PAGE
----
Skip to main content
ABC News
Has One Win Turned The Titans Into … Titans?

The Patriots won again; Tony Romo and the Cowboys prevailed in another last-minute comeback; and Philip Rivers threw for another thousand yards — by historical standards, Week 1 of the 2015 NFL season didn’t offer much in the way of surprises. According to our Elo power ratings, 75 percent of this year’s season-openers were won by the pregame favorites — the seventh-best opening week for favorites in the half-century of the Super Bowl era. Yawn.

But wait! Something radical did happen: The Tennessee Titans, who finished last season as the worst team in football, blew somebody out. The Titans (led by rookie quarterback Marcus Mariota) crushed the Tampa Bay Buccaneers (led by rookie QB Jameis Winston) 42-14, and it caused their Elo rating1 to shift drastically: Their 45-point gain was the 13th-biggest opening-week Elo spike of the Super Bowl era. That’s the equivalent of Tennessee’s weekly Vegas point spread increasing by an average of 1.8 points per game over the remainder of the season. Just one win and the Titans got 2 points better. Not bad.

Going into the game, Elo predicted the Titans to win 5.2 games this season; now it thinks they will win 6.7, all because of the big Week 1 win. If you’re counting at home, that’s a difference of 1.5 wins. About 0.6 of that was due to winning the game itself (Elo said they had a 36 percent win probability going in), but the other 0.9 is because a higher Elo rating makes them more likely to win future games.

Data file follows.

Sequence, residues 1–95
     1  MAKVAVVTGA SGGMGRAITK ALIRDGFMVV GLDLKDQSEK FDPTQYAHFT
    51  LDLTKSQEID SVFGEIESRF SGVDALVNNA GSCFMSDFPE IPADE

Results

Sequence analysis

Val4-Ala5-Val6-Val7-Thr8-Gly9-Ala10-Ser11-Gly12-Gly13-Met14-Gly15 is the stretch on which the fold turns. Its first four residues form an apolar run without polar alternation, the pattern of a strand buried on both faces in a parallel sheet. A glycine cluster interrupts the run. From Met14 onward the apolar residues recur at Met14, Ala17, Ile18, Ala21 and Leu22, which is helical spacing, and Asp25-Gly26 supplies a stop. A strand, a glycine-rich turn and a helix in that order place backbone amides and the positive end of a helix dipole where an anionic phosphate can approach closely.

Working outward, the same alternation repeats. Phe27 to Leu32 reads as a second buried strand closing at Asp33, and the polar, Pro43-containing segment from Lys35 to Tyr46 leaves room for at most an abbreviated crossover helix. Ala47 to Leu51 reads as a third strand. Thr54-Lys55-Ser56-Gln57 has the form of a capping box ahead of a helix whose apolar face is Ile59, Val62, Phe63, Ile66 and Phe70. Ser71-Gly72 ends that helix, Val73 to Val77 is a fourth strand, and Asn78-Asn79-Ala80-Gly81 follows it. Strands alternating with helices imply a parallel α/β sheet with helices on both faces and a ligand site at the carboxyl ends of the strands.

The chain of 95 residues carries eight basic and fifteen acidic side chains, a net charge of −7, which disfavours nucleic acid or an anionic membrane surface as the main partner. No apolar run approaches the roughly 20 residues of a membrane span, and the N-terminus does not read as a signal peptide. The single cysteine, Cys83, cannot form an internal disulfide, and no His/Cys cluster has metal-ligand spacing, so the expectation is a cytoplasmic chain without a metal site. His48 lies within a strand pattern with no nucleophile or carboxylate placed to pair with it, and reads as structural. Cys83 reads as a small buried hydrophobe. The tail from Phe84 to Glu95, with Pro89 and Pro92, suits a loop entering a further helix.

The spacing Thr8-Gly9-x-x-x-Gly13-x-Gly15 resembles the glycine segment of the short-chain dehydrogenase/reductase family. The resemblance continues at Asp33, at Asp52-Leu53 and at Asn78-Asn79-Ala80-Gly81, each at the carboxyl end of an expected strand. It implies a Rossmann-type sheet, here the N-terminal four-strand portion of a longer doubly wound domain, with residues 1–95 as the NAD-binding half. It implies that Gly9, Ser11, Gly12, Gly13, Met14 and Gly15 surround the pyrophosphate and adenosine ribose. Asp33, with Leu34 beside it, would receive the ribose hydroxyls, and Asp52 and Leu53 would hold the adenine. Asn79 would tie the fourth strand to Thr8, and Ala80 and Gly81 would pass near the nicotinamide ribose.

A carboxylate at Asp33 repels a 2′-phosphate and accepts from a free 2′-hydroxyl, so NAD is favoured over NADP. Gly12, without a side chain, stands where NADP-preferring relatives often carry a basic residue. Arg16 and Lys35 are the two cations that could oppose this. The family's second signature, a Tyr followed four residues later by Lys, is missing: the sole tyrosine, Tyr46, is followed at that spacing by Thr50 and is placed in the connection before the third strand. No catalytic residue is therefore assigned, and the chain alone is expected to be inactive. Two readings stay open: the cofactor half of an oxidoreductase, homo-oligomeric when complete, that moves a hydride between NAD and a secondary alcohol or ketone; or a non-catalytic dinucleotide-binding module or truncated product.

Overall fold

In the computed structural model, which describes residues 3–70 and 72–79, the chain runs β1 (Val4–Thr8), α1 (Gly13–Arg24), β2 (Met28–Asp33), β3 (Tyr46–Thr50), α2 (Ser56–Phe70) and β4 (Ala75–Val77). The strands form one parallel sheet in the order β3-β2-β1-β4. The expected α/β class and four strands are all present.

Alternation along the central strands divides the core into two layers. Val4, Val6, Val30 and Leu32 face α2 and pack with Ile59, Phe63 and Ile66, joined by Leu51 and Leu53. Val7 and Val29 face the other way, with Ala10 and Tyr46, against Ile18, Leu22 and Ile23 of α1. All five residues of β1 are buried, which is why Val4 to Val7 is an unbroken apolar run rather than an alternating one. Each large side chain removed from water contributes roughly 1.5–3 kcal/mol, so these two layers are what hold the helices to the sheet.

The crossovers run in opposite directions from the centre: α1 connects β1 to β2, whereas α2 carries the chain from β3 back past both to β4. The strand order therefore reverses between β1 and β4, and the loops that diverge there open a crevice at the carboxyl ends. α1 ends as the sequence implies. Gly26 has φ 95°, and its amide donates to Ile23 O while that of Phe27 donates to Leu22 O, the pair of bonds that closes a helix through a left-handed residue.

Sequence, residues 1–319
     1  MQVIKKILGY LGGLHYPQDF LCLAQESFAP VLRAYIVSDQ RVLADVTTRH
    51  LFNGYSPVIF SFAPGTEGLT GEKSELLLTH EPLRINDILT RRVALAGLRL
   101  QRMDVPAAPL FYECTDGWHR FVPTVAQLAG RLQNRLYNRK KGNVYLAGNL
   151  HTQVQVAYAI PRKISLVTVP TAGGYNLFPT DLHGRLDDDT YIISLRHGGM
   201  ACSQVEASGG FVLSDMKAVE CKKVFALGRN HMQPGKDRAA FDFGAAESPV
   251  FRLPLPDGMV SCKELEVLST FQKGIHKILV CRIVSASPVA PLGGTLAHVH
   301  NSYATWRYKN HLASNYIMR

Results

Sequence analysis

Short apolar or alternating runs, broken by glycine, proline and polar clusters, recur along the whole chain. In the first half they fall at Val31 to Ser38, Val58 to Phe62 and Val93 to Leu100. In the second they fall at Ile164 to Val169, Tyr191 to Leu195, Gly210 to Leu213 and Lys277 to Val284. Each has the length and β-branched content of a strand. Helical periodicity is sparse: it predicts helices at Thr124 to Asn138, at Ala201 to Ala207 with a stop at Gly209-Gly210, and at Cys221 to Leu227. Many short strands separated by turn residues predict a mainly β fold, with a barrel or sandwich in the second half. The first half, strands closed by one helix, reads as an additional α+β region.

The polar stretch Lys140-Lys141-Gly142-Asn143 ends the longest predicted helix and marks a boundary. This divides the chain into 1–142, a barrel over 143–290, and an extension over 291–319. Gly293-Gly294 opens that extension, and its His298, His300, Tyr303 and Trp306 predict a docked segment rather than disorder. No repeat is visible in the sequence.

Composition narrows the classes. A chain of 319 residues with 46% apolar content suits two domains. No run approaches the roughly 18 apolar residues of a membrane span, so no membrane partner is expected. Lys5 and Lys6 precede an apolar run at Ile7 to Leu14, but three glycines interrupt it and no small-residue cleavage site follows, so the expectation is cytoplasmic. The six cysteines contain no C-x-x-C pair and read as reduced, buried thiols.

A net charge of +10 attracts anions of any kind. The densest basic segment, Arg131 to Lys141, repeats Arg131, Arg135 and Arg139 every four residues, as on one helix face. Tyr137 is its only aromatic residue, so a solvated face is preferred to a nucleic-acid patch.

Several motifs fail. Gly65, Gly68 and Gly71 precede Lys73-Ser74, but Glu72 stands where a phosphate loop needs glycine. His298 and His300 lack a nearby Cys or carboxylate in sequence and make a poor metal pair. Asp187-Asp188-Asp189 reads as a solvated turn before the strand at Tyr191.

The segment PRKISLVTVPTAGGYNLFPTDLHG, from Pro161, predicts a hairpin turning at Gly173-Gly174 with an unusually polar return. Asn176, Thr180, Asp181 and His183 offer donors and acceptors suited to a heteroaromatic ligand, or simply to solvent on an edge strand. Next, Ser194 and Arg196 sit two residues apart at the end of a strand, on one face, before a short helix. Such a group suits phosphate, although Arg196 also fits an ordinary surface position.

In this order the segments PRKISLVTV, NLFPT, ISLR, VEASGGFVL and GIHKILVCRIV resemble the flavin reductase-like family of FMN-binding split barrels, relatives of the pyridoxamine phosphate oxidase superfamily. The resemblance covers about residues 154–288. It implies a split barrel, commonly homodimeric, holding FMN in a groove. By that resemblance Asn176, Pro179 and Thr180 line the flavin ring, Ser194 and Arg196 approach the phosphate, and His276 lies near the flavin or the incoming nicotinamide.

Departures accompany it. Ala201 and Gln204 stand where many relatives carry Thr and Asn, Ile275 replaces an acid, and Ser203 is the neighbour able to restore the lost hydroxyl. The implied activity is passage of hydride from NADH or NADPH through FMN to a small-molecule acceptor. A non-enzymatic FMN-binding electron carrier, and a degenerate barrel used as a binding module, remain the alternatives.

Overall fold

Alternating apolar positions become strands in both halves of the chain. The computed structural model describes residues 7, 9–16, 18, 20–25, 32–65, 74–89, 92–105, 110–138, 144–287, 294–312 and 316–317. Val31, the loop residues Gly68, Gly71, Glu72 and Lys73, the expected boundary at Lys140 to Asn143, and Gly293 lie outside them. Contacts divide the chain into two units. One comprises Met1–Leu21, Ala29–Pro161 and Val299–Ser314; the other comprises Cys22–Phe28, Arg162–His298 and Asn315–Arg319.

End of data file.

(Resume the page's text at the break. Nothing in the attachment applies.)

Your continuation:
To pump the brakes a bit: Yes, Tennessee’s Elo rating is still just 1385 — fifth-worst in football. But modern NFL history2 says a great coming-out party in Week 1 can mean (slightly) greater things down the line. Although the relationship between a team’s Week 1 ratings boost and its subsequent Elo gains is small, it’s also statistically significant — which could mean Tennessee’s rebuild is on a slightly accelerated schedule.

Teams as bad as the Titans were last year tend to improve only modestly the following year because of natural progression toward the mean. But Tennessee’s opening-week Elo hike was two standard deviations better than the overall NFL average since 1966. Historically, such an extreme performance is associated with a gain of about 54 additional Elo points over the remainder of the season — the kind of boost that would put the Titans’ Elo rating at 1439 by season’s end.

While still below average, that number would position Tennessee much closer to respectability than we’d have expected after last season’s 2-14 nightmare. Simply knowing the Titans had a 1256 Elo at the end of last year,3 we’d have predicted them to finish this season with a 1344 rating — nearly 100 points shy of the 1439 mark suggested by their opening-week performance. For a franchise that hasn’t legitimately contended since the 2010 season, even this kind of a hint at progress is a refreshing development.

Read more: 2015 NFL Predictions


  1. FiveThirtyEight’s pet metric for rating NFL teams, the Elo system is a simple algorithm that estimates each team’s skill level using its record, scoring margin, strength of schedule and where its games were played.

  2. Since 1966.

  3. Obsessive, detail-oriented readers will note that at the end of last season, we said the Titans had an Elo rating of 1252. We changed the methodology in the offseason just to mess with you (and also to make Elo better).

Neil Paine was the acting sports editor at FiveThirtyEight.